Album review: Dirty Projectors “Dirty Projectors”
By Kevin Wright, Staff Writer
In an era of music streaming, YouTube, and computer created playlists, the album is becoming a lost art.
More and more people do not listen to records straight through anymore, and less artists are making records that are cohesive sonically and thematically. This is a shame, since many of the greatest records of all time are concept albums.
One theme that has appeared over and over again in the canon of American popular music is that of romantic endings, or the “breakup album”.
Some of the most critically acclaimed breakup albums of all time include Bob Dylan’s “Blood On The Tracks,” Beck’s “Sea Change,” and Kanye West’s “808s and Heartbreak.”
These records all have great artists at their top form showing their broken hearts and anguish in a way that turns pain and longing into something beautiful that we can find personal meaning and connection in ourselves.
These albums document relationships and their endings through romantic tragedies where the listener knows what the ending will be, but still longs and hopes for love to prevail.
This is what David Longstreth, the frontman of the rock band Dirty Projectors, sets out to do on his new self-titled record “Dirty Projectors.”
Listening to the record is a journey through the various stages a relationship break up can take.
The first track “Keep Your Name,” is a microcosm of the fresh and bitter feelings that accompany a break up.
There is confusion and ultimate blame in his lyrics, backed by a melancholy drum track and synthesizer progression. He wants to be together, but despairs that this cannot happen.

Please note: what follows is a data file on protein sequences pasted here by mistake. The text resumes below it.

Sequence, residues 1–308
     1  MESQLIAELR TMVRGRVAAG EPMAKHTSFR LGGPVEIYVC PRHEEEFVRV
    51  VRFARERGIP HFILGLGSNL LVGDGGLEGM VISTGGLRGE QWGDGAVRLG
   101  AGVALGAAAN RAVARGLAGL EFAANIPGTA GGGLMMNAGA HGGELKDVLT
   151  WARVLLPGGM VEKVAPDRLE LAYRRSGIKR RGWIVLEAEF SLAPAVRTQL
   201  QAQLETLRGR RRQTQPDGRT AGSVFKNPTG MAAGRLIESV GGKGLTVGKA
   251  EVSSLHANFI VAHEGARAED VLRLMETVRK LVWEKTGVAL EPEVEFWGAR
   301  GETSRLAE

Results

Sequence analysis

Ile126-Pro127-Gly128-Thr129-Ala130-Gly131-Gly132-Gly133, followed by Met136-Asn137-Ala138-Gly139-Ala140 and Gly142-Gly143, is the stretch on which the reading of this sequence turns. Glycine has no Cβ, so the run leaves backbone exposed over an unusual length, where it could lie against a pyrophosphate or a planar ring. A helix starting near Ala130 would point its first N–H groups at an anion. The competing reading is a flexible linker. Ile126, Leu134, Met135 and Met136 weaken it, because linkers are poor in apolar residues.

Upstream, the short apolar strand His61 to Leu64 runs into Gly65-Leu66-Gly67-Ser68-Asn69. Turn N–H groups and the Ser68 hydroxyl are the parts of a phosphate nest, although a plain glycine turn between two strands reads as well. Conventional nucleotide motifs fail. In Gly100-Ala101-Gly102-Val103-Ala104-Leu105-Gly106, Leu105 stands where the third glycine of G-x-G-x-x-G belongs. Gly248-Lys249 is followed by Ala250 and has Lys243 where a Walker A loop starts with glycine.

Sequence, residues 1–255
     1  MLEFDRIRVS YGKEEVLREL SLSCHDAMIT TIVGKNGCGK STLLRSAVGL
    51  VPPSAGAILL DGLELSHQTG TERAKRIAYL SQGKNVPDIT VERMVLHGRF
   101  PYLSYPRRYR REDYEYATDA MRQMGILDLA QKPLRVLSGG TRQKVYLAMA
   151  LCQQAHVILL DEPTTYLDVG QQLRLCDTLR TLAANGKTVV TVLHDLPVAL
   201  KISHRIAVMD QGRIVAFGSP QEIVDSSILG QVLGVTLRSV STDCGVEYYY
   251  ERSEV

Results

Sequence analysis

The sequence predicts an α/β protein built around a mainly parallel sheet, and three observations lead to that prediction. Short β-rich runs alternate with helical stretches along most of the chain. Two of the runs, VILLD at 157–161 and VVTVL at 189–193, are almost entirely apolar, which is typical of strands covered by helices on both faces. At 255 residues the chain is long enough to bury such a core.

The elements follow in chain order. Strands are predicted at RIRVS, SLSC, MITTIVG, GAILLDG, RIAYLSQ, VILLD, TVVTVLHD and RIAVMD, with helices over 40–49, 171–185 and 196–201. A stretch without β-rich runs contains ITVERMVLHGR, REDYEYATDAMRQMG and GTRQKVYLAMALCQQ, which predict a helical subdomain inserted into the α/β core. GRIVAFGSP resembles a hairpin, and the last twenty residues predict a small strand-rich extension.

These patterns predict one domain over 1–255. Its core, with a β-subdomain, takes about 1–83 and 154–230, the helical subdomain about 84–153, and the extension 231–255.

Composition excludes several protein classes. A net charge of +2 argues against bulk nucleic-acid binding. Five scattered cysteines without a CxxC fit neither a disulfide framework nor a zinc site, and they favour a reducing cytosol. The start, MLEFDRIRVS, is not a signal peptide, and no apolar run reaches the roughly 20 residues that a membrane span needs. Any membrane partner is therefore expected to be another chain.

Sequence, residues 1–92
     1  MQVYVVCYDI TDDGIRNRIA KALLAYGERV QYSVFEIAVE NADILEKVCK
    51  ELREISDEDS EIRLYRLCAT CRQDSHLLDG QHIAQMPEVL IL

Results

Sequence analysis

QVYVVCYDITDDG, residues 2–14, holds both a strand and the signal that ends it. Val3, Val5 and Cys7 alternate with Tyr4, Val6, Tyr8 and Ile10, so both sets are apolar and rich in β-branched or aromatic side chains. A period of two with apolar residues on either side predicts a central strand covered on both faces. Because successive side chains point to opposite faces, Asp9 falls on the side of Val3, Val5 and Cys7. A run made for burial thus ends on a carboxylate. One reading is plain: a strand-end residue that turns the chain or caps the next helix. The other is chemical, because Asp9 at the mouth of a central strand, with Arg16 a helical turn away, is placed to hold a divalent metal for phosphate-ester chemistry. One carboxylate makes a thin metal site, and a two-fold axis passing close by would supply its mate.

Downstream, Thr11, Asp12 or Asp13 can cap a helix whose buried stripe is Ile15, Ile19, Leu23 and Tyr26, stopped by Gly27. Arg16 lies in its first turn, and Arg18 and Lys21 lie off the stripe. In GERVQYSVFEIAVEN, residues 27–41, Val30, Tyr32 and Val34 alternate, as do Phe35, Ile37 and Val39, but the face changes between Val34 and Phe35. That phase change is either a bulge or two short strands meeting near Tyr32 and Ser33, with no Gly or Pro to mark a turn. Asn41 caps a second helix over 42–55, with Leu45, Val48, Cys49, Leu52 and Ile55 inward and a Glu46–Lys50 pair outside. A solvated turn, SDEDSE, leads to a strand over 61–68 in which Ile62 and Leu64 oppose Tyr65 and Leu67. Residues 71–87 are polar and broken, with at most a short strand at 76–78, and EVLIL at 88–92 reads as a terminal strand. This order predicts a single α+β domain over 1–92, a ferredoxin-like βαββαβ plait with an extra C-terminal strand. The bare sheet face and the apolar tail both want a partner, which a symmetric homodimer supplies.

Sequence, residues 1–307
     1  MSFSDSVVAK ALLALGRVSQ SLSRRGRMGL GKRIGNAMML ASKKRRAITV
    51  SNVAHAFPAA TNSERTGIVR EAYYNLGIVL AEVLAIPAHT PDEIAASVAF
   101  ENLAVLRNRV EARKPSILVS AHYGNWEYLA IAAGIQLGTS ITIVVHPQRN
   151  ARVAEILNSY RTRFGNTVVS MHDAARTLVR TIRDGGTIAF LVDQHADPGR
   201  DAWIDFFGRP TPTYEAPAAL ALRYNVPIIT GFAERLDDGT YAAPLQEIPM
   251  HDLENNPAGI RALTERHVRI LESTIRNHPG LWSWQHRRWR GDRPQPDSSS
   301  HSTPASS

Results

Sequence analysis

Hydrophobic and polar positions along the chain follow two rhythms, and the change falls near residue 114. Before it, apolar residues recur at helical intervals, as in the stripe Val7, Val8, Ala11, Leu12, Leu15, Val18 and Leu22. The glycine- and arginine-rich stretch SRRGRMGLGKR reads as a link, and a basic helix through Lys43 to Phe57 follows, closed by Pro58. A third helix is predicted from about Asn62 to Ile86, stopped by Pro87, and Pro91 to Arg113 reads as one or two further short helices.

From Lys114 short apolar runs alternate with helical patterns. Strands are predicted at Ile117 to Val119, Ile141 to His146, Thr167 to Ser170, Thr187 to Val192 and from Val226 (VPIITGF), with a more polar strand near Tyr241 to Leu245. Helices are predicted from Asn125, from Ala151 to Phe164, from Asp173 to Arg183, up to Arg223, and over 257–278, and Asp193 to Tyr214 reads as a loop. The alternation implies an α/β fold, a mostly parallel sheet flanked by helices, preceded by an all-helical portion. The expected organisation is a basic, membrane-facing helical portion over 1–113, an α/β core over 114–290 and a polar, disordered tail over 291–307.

On “Work Together,” Longstreth compares love to a competition, and on a later track “Winner Take Nothing,” he comes to realize he doesn’t want to win this game if it means he loses himself and his lover at the same time.
The sounds on both of these respective tracks are notably inspired by popular R & B music and the experimentation of this form by Kanye West.
The beats are spliced electronic samples that evoke the chaos and combination of many feelings at the same time. This production can be overwhelming and hard to swallow on the first listen, but I found the non-orthodoxy of the record to be quite engrossing on repeated listens.
On the last track, “I See You,” a grand organ is heard over an old school hip-hop sounding drum track.
This is where Longstreth comes to the end of his break up story.
This track comes to explain the apt meaning of the title, in that he projected the ideals of love on his partner, and now that the projection is fading away, he can finally see that the moments he had were beautiful in themselves, even if they are now over. He is at peace.